Lloyds Banking Group has been forced to repay around £10 million to up to 200,000 customers who were denied seven years of interest payments due to an administrative error, MarketWatch can reveal.
The British banking company LLOY, -1.34% LYG, -1.81% failed to advise scores of customers that it had slashed interest rates on a raft of Halifax, Bank of Scotland and Lloyds savings accounts beginning in 2012.
This caused savers to miss out on millions of pounds in interest income they could have earned had Lloyds maintained rates or had they moved funds to a different savings account.
The blunder could also cause Lloyds to breach Financial Conduct Authority rules aimed at maintaining transparent and fair banking practices in Britain.
The lender was forced to send letters to customers advising them of its error.
One letter, sent out this week and seen by MarketWatch, was titled, “We’re making a payment to you.” It read: “We didn’t send you some letters about changes to your savings account when we should have.
“If we had sent this information to you at the time, you may have chosen to put your money in a different savings account. I’m sorry this happened.”
It is understood the Financial Conduct Authority has been informed as part of standard and ongoing Lloyds engagement with the regulator.
It is a requirement that British banks adhere to a set of rules contained in the FCA handbook. Failure can result in either supervisory or enforcement action that includes sanctions and fines.
The handbook says it is required that companies “provide … a banking customer appropriate information about a retail banking service … in good time.”
It issues additional guidance that “a firm should provide notice of the expiry of the application of that rate of interest to the banking customer … within a reasonable period before that rate of interest ceases to apply.”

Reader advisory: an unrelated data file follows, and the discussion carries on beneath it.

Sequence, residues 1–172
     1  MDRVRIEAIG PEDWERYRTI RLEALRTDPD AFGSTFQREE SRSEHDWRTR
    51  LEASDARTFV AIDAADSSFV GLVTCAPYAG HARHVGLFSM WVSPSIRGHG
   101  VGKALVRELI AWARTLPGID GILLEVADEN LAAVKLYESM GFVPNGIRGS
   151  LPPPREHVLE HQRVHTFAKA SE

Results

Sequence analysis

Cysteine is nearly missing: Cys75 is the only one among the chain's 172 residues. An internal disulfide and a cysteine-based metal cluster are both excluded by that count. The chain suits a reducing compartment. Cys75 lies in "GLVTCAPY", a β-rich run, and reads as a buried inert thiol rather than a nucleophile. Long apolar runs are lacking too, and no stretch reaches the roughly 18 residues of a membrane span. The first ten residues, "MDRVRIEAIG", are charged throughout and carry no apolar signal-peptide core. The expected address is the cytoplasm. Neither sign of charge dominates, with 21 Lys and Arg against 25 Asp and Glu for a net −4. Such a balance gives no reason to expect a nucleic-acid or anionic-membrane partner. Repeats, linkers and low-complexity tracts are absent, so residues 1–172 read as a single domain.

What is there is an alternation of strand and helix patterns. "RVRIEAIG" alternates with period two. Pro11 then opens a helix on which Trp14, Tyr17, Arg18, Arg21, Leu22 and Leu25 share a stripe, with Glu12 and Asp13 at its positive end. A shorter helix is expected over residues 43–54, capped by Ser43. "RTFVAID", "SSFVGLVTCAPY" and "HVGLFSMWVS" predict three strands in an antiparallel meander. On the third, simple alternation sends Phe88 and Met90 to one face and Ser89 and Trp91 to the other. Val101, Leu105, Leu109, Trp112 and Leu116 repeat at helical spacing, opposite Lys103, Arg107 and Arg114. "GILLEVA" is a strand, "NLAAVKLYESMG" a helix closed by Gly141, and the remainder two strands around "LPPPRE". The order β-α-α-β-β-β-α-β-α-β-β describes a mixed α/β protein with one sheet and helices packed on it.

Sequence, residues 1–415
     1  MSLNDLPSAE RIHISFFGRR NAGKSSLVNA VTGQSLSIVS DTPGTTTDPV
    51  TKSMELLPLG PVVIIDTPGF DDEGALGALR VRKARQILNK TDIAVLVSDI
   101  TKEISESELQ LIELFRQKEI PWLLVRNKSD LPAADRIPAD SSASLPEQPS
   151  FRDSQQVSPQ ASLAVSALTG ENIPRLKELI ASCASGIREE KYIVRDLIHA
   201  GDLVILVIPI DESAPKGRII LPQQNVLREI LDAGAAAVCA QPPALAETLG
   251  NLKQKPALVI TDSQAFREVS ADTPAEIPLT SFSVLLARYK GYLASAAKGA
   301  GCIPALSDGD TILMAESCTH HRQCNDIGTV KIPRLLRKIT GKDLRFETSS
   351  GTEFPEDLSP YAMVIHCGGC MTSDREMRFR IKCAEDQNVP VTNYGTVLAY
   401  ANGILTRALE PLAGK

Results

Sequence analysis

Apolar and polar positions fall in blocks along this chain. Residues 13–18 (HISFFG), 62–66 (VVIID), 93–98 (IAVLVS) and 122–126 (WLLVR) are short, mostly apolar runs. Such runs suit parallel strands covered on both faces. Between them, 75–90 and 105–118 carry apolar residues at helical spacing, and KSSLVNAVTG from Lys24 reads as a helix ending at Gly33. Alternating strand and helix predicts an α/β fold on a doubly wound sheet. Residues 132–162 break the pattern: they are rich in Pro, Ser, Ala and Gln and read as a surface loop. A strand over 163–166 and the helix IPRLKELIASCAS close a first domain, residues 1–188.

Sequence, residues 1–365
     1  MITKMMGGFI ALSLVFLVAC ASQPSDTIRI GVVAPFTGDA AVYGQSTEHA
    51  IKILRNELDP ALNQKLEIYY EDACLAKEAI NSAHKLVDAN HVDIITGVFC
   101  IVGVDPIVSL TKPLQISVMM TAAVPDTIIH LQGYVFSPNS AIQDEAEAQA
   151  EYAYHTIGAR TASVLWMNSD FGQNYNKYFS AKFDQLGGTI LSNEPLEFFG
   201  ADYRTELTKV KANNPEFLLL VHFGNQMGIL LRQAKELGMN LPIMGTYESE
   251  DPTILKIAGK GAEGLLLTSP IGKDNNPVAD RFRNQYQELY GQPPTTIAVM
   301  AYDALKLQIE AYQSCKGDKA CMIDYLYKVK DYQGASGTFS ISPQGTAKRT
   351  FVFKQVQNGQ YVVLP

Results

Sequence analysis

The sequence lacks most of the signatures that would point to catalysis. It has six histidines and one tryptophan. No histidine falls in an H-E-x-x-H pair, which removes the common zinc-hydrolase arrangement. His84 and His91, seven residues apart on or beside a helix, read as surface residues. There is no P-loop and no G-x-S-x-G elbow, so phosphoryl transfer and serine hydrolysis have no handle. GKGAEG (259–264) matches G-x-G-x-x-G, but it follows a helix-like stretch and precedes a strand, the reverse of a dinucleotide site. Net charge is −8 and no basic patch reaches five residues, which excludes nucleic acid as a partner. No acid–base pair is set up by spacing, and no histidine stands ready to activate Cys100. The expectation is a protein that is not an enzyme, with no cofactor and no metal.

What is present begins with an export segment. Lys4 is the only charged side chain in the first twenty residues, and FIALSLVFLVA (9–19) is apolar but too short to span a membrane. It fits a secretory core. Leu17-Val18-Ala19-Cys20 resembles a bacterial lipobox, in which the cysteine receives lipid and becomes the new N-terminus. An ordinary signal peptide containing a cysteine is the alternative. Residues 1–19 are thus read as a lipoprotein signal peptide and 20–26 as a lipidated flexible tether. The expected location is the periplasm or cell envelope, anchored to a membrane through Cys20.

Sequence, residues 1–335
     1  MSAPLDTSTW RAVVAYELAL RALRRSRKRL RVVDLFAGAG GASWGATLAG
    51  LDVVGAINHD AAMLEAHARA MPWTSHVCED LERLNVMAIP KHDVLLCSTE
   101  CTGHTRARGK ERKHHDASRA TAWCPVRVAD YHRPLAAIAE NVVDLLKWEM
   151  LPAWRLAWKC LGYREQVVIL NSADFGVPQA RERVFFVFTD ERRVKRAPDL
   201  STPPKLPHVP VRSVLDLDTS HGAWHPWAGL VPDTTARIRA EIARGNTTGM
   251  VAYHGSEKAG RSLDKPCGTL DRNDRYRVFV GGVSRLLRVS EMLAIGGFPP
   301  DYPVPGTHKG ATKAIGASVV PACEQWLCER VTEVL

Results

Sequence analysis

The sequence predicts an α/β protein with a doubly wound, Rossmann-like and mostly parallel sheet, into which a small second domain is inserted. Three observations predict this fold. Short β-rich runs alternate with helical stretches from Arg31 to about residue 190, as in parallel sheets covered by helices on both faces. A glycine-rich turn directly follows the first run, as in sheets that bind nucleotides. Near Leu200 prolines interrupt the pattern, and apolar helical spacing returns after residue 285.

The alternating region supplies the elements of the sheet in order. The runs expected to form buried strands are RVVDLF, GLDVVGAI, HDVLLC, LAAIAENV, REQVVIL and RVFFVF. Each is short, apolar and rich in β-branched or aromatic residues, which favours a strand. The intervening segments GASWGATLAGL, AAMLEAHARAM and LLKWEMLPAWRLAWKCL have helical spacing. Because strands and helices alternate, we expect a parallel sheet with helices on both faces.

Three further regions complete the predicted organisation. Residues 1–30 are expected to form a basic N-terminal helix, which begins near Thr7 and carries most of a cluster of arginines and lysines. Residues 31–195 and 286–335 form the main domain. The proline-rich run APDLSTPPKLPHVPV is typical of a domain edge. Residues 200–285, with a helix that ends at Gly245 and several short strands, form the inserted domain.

A spokesman for Lloyds Banking Group said: “We have identified that some of our customers have received delayed information relating to their account with us.
“We are contacting customers to apologize and make them aware of any missed information.
“We will, where appropriate, offer redress. Customers do not need to take any action as anyone affected will be contacted.”
It is understood that the issue relates to processes that are no longer in use today.
The issue comes at a sensitive time for Lloyds Chief Executive António Horta-Osório ahead of the reporting of first-quarter results next Thursday. Analysts predict flat pretax profit of £2 billion on total income of £4.55 billion, down from £4.58 billion for the same period last year.
This is the latest in a string of embarrassing breaches to have beset the bank.
Last year it put aside another £460 million in costs for payment protection insurance (PPI) for the settlement of mis-selling claims. This took the total it has earmarked for the claims, which have affected most High Street lenders, to £19.2 billion.
In 2017, the Times reported Lloyds had written to more than 7,000 customers of Lloyds and Scottish Widows, its investment arm, offering compensation to those who were mis-sold investment products as “low risk” that turned out to be too complex and performed poorly.
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